Tuesday, July 28, 2009

El Carmel and Tres Turones- Why Planning Seems so Different in Barcelona

A lot of the things we have done in my classes so far has been going to see presentations that are done by municipal organizations who are in charge of the revitalization of certain areas in the city. They have told us about their plans for changing neighborhoods and improving them to make housing conditions, services, and transporation better for certain areas. One of the groups told us about 20 times that they were trying to design their city so that there would be diversity between the young people, older people, families, and the disabled. They feel that this integration is very important and makes for a healthy community. I think in a lot of these neighborhoods it's required that about 30% of the housing be public housing, which has controlled prices and ia subsidized heavily by the government. It's not a very rare thing to have really low income people living next to those who are middle class, and many private developers who own buildings are required to have public housing and controlled prices in their buildings to a certain extent by the government who pays them to do so. It's incredible to me and to others that no one protests this social housing, because in California when people try to put up affordable housing units people tend to be very upset and show up at city council meetings expressing the fact that having affordable housing in their backyards will bring crime and cause property values to drop. It's kind of amazing here that people from different income levels are able to live together in the same building without their being protest for the tenants that are not receiving help via social housing programs that have been established and funded by the government- it's a total contrast.

The pictures here are taken in an area of the city called El Carmel. It has a very difficult topography, and because it is on the outskirts of the city many people immigrated to that area and erected houses with their own two hands in order to have a place to live. (The pirate flag picture is from an area where many building were erected by the people who inhabit them, rather than by professional developers.) Because they were constucted in this manner the city doubts the safety of them. Also many of them are very very small and have poor ventilation and there are doubts about the health of living in such places. The city has a major renovation plan that will put in a new main street and has also put in several elevators and escaltors to help people reach their homes that used to require them to climb steep hills. As a result of this construction projects and also as a result of tearing down a lot of the unsafe housing people are displaced. However the city never displaces people and leaves them without a place to go. It is the law that they must be guaranteed housing in the same area, and if they chose not to be relocated they are given a lump sum of money. The brick building in the city is an example of new construction at the top of three newly installed escalators that climb the hills for you, where many people were relocated when their houses were removed in order to make such improvments to the neighborhood.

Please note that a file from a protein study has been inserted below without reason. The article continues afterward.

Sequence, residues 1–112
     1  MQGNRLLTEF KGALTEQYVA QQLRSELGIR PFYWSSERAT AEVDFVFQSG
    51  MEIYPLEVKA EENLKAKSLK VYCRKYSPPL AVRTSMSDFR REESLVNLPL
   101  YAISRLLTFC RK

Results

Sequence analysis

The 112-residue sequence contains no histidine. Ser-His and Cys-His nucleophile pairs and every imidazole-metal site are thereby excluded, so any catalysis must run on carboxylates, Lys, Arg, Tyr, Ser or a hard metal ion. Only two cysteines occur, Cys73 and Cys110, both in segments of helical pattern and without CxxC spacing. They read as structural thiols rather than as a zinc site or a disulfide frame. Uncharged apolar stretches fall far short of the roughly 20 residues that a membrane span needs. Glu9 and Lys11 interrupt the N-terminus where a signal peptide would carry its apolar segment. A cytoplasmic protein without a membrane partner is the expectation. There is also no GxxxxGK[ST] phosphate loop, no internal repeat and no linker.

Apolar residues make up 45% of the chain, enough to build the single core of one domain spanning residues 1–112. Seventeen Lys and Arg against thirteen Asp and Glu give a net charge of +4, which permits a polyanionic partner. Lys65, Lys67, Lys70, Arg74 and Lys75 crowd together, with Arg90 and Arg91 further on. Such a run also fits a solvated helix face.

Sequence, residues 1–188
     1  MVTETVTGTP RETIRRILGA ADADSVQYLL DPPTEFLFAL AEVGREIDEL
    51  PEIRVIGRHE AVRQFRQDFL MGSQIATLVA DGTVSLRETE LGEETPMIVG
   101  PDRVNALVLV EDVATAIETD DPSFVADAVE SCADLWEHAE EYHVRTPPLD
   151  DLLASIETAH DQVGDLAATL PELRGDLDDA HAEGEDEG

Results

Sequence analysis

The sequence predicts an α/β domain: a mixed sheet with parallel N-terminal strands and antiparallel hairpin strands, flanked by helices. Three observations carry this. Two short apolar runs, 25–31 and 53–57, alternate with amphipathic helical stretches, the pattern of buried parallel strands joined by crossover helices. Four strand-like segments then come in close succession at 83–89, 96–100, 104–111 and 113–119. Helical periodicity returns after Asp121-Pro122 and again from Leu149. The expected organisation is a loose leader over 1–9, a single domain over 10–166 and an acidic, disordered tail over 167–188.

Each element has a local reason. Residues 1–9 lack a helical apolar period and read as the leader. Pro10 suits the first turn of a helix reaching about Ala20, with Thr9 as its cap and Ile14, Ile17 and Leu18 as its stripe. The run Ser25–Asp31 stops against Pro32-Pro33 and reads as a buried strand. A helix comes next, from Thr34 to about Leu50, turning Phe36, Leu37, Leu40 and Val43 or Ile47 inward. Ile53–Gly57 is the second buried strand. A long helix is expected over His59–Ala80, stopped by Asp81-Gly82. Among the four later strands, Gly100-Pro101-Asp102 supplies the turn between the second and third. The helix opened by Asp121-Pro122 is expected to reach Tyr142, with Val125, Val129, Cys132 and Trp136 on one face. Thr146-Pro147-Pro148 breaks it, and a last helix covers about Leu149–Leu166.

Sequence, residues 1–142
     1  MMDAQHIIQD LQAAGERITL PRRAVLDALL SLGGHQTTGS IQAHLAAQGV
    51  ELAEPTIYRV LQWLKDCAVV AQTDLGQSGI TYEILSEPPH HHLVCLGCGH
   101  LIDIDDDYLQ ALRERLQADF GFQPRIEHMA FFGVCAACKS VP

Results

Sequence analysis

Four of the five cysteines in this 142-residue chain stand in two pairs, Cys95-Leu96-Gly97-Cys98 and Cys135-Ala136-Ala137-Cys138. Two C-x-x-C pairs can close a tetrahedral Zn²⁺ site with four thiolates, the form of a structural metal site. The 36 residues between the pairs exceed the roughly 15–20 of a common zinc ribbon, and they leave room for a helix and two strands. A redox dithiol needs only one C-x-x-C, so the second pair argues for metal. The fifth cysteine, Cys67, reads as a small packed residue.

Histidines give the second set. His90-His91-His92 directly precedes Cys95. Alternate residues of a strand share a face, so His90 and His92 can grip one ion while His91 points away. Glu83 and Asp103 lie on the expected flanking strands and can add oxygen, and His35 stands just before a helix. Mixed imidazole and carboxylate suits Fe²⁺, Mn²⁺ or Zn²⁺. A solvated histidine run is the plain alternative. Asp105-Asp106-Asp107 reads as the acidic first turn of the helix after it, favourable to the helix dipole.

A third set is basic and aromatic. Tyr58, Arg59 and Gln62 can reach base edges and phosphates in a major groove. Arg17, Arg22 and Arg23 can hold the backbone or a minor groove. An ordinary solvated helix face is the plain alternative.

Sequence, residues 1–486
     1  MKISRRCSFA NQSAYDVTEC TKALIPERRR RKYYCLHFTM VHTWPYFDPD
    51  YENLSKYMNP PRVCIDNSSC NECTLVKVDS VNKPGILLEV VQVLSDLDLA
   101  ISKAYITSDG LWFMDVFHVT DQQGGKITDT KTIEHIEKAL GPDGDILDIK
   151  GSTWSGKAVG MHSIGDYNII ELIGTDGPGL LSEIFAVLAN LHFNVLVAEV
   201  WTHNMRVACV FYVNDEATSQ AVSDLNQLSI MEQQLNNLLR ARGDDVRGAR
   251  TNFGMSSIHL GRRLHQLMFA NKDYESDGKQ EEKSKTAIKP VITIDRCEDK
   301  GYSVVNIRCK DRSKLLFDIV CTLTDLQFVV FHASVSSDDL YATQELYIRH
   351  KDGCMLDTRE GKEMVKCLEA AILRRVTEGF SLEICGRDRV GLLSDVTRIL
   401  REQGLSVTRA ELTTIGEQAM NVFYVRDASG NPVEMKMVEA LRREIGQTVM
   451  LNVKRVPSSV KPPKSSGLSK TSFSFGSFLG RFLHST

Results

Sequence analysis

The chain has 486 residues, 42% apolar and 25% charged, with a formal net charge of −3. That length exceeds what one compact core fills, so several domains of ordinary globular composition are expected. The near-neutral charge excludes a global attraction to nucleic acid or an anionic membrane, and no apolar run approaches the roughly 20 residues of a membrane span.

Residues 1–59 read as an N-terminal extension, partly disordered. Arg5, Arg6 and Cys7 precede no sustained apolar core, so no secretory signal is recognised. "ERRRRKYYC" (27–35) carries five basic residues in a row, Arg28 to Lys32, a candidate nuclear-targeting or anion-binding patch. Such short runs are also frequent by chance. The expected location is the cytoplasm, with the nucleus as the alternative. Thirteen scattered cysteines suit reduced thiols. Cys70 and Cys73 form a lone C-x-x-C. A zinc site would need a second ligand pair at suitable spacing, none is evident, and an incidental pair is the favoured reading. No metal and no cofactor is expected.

I think that the unique thing about this renovation in El Carmel is the fact that the improvements are being made to this area in order to improve the lives of the people who live there. I think that the kind of development I am used to seeing in S. Cal cities has to do with making improvements to the city in order to bring in more business and to push things along economically or even for better transporation purposes. So if they have to build public transport or a freeway through a very poor part of a city they give people money and they expect them to find a place to move to, as where here the improvements that they are making are not to bring in revenue for the city, but in this neighborhood especially they are made to help the people already living there, and if the city does have to claim eminent domain over your house or property they don't just hand people money and expect them to figure out where to go, they actually faciliate new housing facilities for the displaced.

The only thing that is suspect is that fact that so far we have talked to far more municipal workers than residents, so its hard to tell what the attitudes of the people living in these neighborhoods really is. Are they happy with the renovations? Do they feel that it is ultimately helping them or that the government is interfering to much by chasing them out of their houses into new places? Do they feel like they are being bought out or are they satisfied with the compensation and services that the city provides? When talking to those from the municipality I get these feeling that the city governments here really are doing great things for their residents, but I am excited to get out into the field next week and hear a different perspective on things. At this point, all I know is that the city's approach to working with neighborhood residents here seems to be very different from what I have seen in Orange County. Municipalities work closely with neighborhood associations in ways that appear to really impact positive changes that containa great deal of input from the residents. It's difficult for me to accept this concept after working with residents in Anaheim who are practially begging the city to accept their input. It seems that there is great benefit to the many Socialist municipalities in Barcelona- at least from the perspective of the residents who seem to have much more say in what goes on than I have seen in my experiences in Anaheim.

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